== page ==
GT:  Does it help that you didn’t live in Utah? Did you have a little bit of a buffer, because you were in Boston and New York?

Richard:  Yes, it helps a lot. The trouble is, if you live in Utah, you write, aware of General Authorities looking over your shoulder. You can’t do that.  You can’t write to please the General Authorities. You’ve got to write what you think is true. It’s just very hard to do in Utah, because there’s such a presence. You say you’re writing a book, or doing this or doing that, and they always want to know, “What do the brethren think?” And if you just get that in your head all the time, it’s very hard to think clearly. So, I’ve done most of my writing in Boston and New York, and it’s been much easier. Also, when I write, I don’t I write just for the Church. I always write for people outside the Church. I always want to talk in a way that–I often imagine myself giving a talk to the faculty at Colombia, and what could I say about the Church, say it in a way that would make sense to them. So, it helps that way, too, to be in another society where you’re aware of other demands.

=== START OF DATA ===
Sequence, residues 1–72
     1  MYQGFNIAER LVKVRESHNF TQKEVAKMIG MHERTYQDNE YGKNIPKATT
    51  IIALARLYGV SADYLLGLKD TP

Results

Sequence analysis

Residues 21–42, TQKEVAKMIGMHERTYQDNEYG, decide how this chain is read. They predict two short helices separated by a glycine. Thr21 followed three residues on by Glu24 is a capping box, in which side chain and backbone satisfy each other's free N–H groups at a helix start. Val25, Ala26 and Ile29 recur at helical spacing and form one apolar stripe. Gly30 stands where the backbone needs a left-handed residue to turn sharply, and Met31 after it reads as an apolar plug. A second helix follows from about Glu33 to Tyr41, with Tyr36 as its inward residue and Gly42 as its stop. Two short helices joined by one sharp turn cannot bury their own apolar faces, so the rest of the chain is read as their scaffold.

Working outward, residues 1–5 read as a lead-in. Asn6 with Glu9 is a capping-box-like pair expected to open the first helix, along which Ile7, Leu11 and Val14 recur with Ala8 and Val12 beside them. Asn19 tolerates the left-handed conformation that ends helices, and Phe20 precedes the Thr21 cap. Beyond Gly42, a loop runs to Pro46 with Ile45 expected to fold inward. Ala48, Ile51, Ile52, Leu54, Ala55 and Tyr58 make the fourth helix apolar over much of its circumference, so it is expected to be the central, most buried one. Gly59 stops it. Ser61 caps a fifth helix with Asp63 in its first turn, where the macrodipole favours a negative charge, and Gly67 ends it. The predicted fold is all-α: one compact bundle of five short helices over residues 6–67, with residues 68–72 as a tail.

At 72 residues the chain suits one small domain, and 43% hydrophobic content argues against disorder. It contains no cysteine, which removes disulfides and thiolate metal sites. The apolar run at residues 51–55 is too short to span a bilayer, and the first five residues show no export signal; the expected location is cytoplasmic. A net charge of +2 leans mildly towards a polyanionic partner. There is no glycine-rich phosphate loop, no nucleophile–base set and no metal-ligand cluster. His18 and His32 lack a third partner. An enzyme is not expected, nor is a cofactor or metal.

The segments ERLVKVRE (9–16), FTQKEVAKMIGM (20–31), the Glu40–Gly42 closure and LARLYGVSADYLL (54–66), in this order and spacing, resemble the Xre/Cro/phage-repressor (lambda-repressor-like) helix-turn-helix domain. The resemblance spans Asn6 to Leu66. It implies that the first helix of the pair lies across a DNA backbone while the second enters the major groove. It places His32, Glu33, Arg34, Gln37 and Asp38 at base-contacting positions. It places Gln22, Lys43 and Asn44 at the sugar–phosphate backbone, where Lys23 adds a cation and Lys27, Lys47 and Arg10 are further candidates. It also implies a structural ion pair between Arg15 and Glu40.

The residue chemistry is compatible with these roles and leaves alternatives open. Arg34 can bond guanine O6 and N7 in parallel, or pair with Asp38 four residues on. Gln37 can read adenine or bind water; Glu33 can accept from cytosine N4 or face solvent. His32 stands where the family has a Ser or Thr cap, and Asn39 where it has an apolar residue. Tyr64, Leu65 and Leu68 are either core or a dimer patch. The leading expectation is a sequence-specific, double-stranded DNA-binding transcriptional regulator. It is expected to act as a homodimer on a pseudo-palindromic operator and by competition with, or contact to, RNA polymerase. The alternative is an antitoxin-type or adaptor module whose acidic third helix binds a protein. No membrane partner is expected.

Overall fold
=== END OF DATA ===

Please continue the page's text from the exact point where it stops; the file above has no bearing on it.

Claudia’s Thoughts

GT:  Claudia, do you have any thoughts there?

Claudia:  Well, I think–I’ll do anything if they tell me straight out that I’m not supposed to do something. I won’t do it, and that’s happened a few times. But, I don’t think that–I have never been in the business of criticizing the Church. I don’t want to try and reform it. I don’t threaten to leave if they don’t do something or other. That doesn’t mean I agree with everything that goes on, but, I just think there is no point in fighting authority in that way. So, I just don’t do that. I know there are a lot of people that are dubious of the things I say and do. But, on the other hand, I’ve done an awful lot of things for the Church, too.  Lots of my projects are very devoted and so on. I have no desire to leave the Church, even if I’m not ever going to change it or reform it. It’s very important to me.

GT:  I think Lavina Anderson felt the same way. They kicked her out anyway.

Claudia:  I feel very sad to see people feel that they must resign in the Church. It’s unfortunate in every way. I think we can live with it. I mean, also, I feel like I have a great deal of power in that Church. I don’t have the priesthood. But, I’ve got a lot of [influence.] Things I say make a difference to the local people as well as to myself. I don’t feel bad about my position in the Church.  I’m a good member, aren’t I?  I pay my tithing.

Richard:  Claudia’s view is if you’re discontent with your position in the Church, ask yourself, “What would you like to do in the Church?” And when you’ve figured that out, then just do it.